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Discussion Starter #1
Newbie I am, and like all newbies I have lots of questions.

I note on my '72 Bonneville a brass device fitted to the right rear of the airbox with an uninterrupted power connection attached. It looks for all the world like a sender of some sort, but for the love of me I cannot figure what.

Has anyone an electrical circuit diagram of this model Bonneville that might explain the device?

I hope someone out there can help me out on this.

Thank you. Rod Goodall
 

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A photo would be good, but I would hazard a guess that it is a Zener diode, a type of voltage regulator. Bolted to the air filter is the standard location on T140s.
 

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Discussion Starter #4
Thank you daveforty and GrandPaulZ for replys. I am no sparky, but I do know that electricity takes the path of least resistance and so with the 12v being on a common clip I cannot understand how this device might work.

As I've said, the 12v goes to and from this diode on the same clip and so I struggle with the idea of just how this device can effect voltage without a seperate entry and exit. I accept that it must do so somehow as the wiring looks original and the clip was firmly attached when I opened it up.

I am chasing a short circuit and have found worn bare wires that I've repaired, but checking the voltage across this diode with a multimeter caused the fuse to blow. This immediately makes me suspicious of the diode itself.

I do not know how to insert a picture of the device here, and so you must rely on my narrative for what it's worth.

Thanks again for your respective interest.

Rod Goodall
 

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The Zener diode is connected between ground and + or -12v. With 12v across the thing it doesnt conduct. When the engine is running the alternator & rectifier generate power. As the output voltage from the alternator / rectifier rises the Zener starts to conduct and limits the voltage to (approx) 14v. It is effectively shorting any volts above 14v to ground. It will get hot while doing this, hence it is fixed to a large piece of metal to dump the heat. On some bikes this is an alloy finned thing benath the bottom yoke, on your bike (and mine) it is fixed to the air filter box. If you consider the wire on the terminal to be the 'entry', then the 'exit' is the heat it generates. Trying to think of a simile - how about; think of your battery as a bathtub and the alternator/rectifier as the taps filling it up, the Zener would be the overflow outlet that drains excess away.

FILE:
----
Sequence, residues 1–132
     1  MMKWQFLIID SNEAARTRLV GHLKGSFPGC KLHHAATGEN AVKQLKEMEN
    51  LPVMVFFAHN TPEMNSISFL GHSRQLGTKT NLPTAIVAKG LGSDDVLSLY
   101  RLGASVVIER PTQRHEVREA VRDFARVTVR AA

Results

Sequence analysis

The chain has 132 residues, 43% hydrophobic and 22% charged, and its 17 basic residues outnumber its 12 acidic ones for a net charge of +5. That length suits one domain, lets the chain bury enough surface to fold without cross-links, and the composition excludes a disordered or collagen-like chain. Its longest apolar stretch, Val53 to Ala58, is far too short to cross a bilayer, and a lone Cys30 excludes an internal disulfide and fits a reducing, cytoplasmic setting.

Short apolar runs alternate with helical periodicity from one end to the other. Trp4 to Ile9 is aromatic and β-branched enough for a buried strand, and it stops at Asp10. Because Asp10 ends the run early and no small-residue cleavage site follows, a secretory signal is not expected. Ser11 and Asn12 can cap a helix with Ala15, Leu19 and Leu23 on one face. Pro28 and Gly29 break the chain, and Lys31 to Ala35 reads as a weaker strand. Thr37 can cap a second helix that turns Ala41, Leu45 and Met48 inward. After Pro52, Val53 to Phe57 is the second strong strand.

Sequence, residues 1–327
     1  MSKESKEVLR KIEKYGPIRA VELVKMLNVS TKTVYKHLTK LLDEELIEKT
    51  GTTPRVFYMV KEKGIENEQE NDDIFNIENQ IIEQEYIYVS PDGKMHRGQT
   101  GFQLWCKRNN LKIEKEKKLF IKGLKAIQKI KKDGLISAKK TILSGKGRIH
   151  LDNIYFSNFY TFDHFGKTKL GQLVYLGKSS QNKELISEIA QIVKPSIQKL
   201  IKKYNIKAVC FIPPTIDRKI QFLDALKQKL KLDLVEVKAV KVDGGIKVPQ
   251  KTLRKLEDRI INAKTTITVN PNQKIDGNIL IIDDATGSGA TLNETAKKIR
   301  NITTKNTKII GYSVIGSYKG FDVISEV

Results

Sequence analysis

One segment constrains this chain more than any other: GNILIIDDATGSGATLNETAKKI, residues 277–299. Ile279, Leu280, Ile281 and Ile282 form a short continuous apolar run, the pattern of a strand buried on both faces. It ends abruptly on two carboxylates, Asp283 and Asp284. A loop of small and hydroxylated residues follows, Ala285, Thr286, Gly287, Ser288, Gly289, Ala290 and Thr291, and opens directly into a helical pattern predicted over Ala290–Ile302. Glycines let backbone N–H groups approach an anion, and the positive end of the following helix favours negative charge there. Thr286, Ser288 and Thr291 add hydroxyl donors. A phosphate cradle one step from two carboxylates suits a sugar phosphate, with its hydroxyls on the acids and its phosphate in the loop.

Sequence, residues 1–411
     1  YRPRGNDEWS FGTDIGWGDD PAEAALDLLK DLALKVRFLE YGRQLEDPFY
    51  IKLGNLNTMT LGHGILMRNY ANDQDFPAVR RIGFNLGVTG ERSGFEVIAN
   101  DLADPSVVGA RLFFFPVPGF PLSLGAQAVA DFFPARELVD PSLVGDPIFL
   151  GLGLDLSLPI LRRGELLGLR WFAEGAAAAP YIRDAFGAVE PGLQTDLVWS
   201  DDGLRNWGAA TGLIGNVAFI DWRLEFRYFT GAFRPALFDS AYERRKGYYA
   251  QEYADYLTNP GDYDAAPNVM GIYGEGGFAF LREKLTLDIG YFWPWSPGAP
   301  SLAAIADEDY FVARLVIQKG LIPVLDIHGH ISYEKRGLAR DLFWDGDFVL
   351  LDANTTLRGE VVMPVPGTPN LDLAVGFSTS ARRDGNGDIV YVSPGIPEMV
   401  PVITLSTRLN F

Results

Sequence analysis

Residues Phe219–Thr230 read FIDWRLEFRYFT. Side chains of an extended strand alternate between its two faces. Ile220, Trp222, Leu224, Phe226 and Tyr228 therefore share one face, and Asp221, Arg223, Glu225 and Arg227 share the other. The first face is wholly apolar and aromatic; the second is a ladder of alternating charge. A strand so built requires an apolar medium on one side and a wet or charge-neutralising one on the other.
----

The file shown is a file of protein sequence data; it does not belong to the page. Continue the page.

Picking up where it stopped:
If you run the engine and measure the voltage across the battery, it will be approx 12v with the engine off and as you run it up the voltage will increase with revs up to approx 14v, it shouldnt go (much) above that - maybe 14.5v. More than that and the Zener isnt working.

It is not unknown for them to fail, it will be a case of getting a new one and trying it. Note that they are 'polarised' so you will need the correct type of Zener for positive earth wiring or negative earth wiring. Also check the airbox casting is properly grounded, layers of paint may insulate the airbox from the frame, especially if the frame is epoxy coated. Use the resistance range of the meter, it should be zero Ohms between the two pieces.

Last year the Zener on my bike failed into a short circuit and took the fuse out and stopped the engine. I was at speed in traffic on the motorway at the time so it was a little exciting. I was able to get going by pulling the wire off the thing and replacing the fuse.
 

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Discussion Starter #6
Thank you daveforty for your expansive reply regarding the operation of the Zener Diode. You have made it's operation very understandable and and I am grateful for your effort on my behalf.

As it turns out the Zener is not faulty, as I found a dead short in the tail lamp bulb holder. Thanks to you I am now enlightened about the Zener Diode function and can keep this in mind if/when I should need to test for charging rates etc. Again my thanks to you.

May you have a safe and prosperous New Year.

Rod Goodall
 
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